Jurisdiction’s Anti-Money Laundering Rate

Bahrain is a leading financial centre in the Gulf region, having a primarily service-based economy, with the financial sector providing roughly 18 percent of the gross domestic product.

The Kingdom is not included to the well-known Financial Action Task Force’s list of countries that have been identified as having strategic AML deficiencies (known as “FATF black list”) or EU list of high-risk third countries, which becomes more and more important among the EU financial institutions in their risk assessment practices. There are no international sanctions currently in force against this country. Nevertheless, the high risks area is offshore territory status of the country, which can have adverse impact on international payments.

Conclusion

We expect that the number of regional businesses will move their operations and offices to Bahrain, but whether the largest players on the market will make any movements toward the new opportunities offered by the Kingdom – still under question.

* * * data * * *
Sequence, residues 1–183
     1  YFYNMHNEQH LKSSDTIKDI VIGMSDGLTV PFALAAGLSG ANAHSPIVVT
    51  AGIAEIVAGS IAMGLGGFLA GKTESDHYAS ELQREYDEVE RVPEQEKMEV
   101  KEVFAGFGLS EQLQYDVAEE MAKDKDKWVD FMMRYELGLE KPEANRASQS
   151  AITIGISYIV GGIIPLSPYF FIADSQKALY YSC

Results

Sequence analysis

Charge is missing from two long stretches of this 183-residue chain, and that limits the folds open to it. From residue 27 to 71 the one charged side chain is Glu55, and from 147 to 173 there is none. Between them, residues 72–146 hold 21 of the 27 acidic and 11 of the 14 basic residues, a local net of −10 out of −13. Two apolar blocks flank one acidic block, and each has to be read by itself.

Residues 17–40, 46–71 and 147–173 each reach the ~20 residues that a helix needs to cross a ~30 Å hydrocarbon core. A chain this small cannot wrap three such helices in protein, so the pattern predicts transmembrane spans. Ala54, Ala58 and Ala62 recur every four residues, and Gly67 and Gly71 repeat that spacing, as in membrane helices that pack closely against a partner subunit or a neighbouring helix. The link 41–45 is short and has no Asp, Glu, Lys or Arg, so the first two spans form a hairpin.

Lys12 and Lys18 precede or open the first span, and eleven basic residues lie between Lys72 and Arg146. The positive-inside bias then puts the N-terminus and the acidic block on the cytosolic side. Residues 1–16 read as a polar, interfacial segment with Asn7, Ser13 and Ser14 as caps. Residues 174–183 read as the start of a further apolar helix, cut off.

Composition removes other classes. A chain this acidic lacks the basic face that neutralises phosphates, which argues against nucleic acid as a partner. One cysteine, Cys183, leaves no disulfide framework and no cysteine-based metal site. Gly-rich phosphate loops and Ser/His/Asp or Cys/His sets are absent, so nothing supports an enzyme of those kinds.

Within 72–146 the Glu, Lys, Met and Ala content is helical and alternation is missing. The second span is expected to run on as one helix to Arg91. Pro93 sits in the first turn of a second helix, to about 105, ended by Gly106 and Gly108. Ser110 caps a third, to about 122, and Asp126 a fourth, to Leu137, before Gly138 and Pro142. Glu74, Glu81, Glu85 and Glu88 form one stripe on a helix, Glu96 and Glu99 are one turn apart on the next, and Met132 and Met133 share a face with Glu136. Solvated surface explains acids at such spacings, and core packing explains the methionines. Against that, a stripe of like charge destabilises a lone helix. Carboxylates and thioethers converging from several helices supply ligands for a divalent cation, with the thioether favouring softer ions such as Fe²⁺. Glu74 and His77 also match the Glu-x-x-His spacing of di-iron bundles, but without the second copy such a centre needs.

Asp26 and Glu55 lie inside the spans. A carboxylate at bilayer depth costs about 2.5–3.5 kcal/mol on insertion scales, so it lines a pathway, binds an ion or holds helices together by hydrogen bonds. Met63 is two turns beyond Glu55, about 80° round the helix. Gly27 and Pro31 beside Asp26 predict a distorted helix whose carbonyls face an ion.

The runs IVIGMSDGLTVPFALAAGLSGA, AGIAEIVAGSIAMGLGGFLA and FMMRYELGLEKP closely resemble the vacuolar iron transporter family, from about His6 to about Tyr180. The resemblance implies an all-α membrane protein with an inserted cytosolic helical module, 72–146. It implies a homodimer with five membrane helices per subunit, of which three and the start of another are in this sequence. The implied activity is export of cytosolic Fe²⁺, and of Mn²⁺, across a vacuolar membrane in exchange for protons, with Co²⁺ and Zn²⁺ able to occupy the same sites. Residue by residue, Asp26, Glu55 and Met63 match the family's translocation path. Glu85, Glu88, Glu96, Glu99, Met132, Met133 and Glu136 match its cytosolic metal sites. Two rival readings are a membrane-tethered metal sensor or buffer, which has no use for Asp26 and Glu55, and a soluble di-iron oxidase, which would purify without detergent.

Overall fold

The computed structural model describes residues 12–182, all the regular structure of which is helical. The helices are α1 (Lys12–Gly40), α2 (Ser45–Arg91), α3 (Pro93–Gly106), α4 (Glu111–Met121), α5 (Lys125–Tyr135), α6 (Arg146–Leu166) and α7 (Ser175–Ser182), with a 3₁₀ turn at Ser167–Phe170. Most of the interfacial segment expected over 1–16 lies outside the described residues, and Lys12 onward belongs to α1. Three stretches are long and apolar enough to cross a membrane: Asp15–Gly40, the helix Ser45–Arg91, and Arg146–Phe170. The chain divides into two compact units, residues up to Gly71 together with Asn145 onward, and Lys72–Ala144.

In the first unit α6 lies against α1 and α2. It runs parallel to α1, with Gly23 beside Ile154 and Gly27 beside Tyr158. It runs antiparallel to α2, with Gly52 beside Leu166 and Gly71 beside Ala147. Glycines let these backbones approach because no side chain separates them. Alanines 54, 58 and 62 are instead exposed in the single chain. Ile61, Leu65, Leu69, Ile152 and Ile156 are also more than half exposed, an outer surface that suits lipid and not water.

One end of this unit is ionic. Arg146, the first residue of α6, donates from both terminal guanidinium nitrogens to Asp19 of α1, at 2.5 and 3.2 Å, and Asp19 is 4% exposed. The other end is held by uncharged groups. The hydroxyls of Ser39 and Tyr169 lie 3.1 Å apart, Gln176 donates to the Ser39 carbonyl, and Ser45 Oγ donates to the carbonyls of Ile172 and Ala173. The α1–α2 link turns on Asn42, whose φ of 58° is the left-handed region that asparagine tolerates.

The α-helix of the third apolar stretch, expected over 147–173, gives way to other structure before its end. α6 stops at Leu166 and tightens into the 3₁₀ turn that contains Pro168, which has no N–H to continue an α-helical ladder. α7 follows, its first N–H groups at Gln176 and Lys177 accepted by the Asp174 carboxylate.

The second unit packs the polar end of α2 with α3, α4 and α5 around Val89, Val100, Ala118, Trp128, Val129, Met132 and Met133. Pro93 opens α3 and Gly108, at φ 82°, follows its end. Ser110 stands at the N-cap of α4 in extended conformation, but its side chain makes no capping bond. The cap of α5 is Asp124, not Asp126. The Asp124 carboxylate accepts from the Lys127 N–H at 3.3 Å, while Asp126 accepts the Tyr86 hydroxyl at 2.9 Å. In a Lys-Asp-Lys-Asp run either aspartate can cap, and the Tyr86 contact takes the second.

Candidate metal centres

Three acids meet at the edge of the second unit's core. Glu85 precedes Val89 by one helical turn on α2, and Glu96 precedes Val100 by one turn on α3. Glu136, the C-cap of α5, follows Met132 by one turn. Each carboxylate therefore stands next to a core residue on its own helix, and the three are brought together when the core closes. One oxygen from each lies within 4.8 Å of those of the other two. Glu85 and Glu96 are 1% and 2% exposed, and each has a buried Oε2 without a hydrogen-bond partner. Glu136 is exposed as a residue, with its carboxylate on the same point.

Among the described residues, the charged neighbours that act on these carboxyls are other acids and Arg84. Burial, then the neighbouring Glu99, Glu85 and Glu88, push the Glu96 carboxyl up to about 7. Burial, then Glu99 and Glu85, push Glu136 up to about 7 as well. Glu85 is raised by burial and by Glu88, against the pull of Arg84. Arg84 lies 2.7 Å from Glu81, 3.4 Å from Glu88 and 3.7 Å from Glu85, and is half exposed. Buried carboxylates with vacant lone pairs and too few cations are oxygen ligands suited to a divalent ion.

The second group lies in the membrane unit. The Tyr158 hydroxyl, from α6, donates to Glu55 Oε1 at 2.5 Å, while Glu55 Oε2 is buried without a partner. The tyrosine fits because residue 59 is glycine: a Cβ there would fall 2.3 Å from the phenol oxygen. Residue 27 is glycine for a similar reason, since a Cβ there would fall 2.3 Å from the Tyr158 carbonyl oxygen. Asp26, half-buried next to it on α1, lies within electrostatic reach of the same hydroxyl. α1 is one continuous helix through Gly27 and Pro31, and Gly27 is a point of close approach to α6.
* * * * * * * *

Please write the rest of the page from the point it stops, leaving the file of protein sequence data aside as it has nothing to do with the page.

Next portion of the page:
Definitely, Bahrain has proposed completely different approach from what we used to in the era of a risk-based approach (you can simply check the clause 4.4.5 of the Rules to get what we mean). Nevertheless, it may work for a nascent businesses and technologies, which require the well-defined rules and certainty.

It should be noted that the region has already made some efforts to regulate the field. For instance, the United Arab Emirates Securities and Commodities Authority is currently working on regulations for Initial Coin Offering. Besides, in 2018, the Financial Services Regulatory Authority of Abu Dhabi issued the Guidance on the regulation of crypto asset activities, which provides the framework for operating crypto asset businesses in or from the Abu Dhabi. But after introducing their new Rules, Bahrain has a chance to become an entry point to the Middle East cryptocurrency market.

Disclaimer: the information in this article is provided for informational purposes only. You should not construe any such information as legal, tax, investment, financial, or other advice.

Serhii Mokhniev, CAMS

Kristina Nikipolska

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Serhii

European Union

6 years in AML